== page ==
And the disposable razor will be replaced by the life-lasting chrome-plasted safety razor. I specifically chose the Merkur Safety Razor, because it is the one everyone buys and has the most reviews. It is so durable that it will probably live longer than you and can be passed down from generation to generation. All that needs to be replaced are the blades, which are recyclable. I was so excited to start using this because it meant that I would never buy a disposable razor again and that means saving razors from adding to the 2 billion razors that are thrown away every year by Americans. Plastic disposable razors aren’t able to be recycled so they go straight into the landfill.
I know some people try to make the life of their disposable razors last as long as they can before they throw it away, but honestly, in the end it’s still disposable, and still adding to the landfill. Why not get a classic safety razor that will last generations and never end up in the landfill? Because everything about it can be recycled.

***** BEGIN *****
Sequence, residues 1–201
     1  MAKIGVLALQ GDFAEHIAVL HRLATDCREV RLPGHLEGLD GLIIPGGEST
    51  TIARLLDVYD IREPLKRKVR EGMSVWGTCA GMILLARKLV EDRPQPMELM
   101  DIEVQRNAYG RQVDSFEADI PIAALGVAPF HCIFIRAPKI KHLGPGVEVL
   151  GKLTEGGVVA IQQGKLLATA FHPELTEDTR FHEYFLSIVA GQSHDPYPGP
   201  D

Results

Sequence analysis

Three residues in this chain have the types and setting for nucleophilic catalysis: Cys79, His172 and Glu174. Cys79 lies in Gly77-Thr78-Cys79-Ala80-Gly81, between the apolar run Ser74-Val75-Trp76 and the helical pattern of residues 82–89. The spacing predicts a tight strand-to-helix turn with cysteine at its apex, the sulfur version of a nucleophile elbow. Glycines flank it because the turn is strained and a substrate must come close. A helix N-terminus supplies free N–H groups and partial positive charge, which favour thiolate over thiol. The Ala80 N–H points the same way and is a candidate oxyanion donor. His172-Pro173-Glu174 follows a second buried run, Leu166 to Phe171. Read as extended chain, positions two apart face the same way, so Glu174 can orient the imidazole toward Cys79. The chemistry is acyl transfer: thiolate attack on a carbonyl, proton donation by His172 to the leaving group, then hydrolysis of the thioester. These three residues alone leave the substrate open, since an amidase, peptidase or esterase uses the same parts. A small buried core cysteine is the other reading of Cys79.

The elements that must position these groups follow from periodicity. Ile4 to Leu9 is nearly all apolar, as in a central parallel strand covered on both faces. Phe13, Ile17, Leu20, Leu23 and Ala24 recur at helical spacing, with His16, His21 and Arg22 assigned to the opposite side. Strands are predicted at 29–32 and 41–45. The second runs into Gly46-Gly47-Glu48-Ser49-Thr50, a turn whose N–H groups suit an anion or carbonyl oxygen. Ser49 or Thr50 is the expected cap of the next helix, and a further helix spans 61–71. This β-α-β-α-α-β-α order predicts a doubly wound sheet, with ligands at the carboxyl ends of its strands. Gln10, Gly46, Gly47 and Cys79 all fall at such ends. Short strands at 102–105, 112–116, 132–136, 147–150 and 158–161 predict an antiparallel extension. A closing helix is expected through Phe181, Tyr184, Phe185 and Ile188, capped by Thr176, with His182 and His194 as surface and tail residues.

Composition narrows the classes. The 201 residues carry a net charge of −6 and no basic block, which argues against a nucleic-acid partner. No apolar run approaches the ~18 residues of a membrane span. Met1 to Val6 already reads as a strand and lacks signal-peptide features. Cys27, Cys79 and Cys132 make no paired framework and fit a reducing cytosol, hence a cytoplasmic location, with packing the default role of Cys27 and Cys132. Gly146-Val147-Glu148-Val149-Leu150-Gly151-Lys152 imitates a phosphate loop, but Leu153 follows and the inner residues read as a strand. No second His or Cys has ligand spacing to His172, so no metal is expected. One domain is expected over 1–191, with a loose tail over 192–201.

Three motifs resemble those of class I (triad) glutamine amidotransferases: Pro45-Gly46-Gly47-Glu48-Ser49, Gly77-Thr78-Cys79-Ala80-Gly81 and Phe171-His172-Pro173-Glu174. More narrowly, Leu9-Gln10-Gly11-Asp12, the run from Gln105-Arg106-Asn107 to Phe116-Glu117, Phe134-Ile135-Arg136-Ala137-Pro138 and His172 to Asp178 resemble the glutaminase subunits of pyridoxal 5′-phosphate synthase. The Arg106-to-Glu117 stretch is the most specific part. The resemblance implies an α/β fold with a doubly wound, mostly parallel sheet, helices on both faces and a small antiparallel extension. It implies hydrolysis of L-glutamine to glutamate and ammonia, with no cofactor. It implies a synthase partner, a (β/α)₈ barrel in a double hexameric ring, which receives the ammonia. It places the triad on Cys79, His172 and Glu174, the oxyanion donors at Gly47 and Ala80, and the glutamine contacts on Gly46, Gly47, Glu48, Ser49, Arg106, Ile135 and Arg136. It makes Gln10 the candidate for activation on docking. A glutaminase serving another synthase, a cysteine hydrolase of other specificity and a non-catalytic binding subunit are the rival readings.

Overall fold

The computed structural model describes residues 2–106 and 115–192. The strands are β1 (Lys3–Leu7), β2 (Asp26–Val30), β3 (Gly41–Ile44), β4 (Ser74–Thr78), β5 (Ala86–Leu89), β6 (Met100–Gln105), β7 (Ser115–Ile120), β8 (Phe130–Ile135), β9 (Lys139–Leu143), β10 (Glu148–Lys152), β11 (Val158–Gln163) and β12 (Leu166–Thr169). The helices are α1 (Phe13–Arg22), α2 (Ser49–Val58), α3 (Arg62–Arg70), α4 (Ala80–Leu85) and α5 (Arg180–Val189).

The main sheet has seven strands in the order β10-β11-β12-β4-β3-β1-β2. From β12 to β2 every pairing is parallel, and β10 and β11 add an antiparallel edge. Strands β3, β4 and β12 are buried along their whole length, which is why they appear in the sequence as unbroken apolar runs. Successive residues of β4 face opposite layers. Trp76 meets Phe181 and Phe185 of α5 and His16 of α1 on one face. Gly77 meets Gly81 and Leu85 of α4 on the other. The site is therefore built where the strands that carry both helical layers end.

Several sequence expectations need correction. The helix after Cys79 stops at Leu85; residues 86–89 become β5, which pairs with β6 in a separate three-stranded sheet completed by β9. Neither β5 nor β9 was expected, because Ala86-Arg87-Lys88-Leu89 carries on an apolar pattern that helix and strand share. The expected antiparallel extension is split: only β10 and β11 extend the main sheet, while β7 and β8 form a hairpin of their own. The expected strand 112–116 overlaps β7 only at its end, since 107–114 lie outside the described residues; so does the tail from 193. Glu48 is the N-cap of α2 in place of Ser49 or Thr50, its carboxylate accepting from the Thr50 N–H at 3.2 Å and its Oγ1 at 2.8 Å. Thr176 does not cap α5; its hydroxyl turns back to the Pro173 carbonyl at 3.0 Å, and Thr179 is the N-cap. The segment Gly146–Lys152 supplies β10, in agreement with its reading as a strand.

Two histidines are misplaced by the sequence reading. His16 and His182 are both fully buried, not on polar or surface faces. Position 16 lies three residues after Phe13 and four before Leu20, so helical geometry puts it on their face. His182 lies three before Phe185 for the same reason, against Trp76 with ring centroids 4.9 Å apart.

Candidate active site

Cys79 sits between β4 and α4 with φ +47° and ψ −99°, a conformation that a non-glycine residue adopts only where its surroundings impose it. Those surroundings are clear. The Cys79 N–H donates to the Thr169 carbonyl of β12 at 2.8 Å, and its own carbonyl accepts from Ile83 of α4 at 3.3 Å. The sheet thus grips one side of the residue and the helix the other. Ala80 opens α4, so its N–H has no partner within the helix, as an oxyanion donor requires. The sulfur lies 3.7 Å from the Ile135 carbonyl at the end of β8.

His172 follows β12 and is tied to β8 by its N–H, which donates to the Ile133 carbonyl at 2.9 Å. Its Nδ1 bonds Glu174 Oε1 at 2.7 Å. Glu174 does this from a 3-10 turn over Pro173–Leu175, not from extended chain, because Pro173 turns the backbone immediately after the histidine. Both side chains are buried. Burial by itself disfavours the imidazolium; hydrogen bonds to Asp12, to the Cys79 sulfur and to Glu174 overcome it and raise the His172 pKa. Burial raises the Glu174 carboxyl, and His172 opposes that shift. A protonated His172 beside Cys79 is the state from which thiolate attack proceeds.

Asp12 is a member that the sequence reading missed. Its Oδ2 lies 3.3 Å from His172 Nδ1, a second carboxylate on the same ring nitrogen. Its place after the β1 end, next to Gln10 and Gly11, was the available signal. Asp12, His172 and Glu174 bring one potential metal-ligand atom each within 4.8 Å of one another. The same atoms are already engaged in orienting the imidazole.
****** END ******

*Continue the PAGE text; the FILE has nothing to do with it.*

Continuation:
It might be a large upfront cost at first, but you will never spend money on a razor ever again. So really, it’s cheap in the long run. Remember to think long-term! That’s where all success is born from, in the realm of keeping the long-term in mind.
The Merkur Safety Razor was about $23. But there are bargain ones such as the Van Der Hagen Safety Razor for $16.
Anyway, I tried it out and it was pretty nice! Although, I got over confident in my leg shaving abilities and cut myself in the ankle area. Not because the blade itself was too sharp or harmful (but it can be!), but because I tend to do that with all shavers around the ankle area (yes even with a four bladed disposable). So to anyone buying this razor to help the future of humankind, I thank you, but also I need to warn you to GO SLOW and LIGHT around the ankle area!
I also bought the brush and shaving stand set along with shaving soap to complete my setup! The shaving soap is used with the brush to whip up some lather. The shaving soap is awesome because it’s another way of not buying shaving cream that comes in an aluminum can. I was disappointed that the one I bought, Van Der Hagen, came packaged in a plastic bin. Why couldn’t they wrap it in paper or something, since it is a solid bar?